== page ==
And give other parents permission to let their kids be kids, too. Some parents aren’t hearing it from anyone else. If your house is the place where their son first lays hand on a sword, don’t apologize! But let him know that swords come with rules. Don’t banish fighting; banish cruelty.

In the issue of violent play, as with so many other issues, we’re forgetting there’s such a thing as balance and middle ground. Parents believe that there are only two choices: we can raise our sons to be quiet, passive, nurturing empaths who could easily slide into a princess dress without making a ripple — or we can raise them to be swaggering, slavering beasts who exist only to give orders and mow down anything in their path.

There is, of course, an in-between. There are men who are strong and tough and in control of their strength, and these men were once boys who grew up with both weapons and rules. But it’s become impossible to talk about that kind of boyhood, without being accused of trying to turn boys into one extreme or the other. When I say that my son carefully carried around caterpillars when he was a toddler, I hear that I have a secret desire to castrate men. When I say that my husband protects our family, I hear that I’m perpetuating rape culture and the myth of female victimhood. When I say that there is a difference between men and women, I hear that I am the problem – I’m the reason there’s violence and unhappiness in the world – I’m the reason we can’t all just get along. I hear that if only we would all agree to put the stick down, we’d be fine.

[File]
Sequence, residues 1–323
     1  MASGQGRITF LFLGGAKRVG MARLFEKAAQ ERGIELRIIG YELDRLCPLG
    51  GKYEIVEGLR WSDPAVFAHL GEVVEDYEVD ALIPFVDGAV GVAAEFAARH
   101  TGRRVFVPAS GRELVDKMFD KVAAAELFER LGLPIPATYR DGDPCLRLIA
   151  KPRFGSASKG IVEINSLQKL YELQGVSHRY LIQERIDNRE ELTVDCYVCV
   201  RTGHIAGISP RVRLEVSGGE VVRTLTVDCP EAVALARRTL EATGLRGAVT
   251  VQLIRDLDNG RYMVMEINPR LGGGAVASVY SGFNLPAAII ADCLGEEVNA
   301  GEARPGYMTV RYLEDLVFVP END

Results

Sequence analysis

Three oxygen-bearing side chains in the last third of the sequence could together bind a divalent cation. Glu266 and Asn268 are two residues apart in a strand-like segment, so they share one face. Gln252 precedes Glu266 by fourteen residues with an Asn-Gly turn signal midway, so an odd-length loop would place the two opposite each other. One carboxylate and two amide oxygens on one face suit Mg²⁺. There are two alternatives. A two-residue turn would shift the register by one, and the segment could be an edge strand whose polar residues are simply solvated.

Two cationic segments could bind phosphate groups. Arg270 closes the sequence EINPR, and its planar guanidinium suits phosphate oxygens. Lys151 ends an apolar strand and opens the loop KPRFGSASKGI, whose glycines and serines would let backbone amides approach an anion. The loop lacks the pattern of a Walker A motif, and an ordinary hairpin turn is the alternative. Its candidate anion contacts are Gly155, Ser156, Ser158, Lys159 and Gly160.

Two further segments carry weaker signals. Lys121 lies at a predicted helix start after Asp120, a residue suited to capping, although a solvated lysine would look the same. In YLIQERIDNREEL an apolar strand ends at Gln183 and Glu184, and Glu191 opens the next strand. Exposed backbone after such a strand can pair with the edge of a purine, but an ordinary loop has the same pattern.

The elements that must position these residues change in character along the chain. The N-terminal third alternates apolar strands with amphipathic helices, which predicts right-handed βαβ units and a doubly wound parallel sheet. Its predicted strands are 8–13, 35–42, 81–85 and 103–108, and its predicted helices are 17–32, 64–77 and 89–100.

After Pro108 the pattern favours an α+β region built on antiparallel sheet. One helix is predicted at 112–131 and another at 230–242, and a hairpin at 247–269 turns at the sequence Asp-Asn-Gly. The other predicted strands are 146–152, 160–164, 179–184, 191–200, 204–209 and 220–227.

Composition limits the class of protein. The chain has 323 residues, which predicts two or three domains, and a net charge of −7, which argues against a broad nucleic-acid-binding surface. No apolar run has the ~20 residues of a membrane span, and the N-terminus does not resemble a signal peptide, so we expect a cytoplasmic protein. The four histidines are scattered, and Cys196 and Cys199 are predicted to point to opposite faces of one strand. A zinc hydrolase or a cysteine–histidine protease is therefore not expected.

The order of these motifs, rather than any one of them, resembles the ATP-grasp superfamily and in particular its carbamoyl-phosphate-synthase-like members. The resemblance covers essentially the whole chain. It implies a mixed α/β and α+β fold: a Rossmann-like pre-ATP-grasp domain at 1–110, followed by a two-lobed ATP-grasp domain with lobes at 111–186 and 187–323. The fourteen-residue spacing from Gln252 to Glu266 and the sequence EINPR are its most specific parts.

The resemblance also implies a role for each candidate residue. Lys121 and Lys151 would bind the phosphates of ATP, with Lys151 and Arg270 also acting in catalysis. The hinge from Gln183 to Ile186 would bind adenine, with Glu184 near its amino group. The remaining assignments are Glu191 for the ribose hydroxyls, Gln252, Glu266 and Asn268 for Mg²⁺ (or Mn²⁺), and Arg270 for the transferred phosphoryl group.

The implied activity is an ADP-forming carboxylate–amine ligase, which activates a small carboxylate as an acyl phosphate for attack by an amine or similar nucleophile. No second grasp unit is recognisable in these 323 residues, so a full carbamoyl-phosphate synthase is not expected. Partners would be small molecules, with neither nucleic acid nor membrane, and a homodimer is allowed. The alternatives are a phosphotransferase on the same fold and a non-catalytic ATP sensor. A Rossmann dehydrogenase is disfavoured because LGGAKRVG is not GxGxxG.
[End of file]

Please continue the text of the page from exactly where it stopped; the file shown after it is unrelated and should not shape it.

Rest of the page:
Yes, well. When your daughter is the one who’s lying barely conscious on the front yard of some frat house, my sons will be the ones who will know enough to charge in, swinging sticks to chase the brutes away. They’ll know because we let them have sticks, we let them find out what sticks can do, and we told them what sticks are for.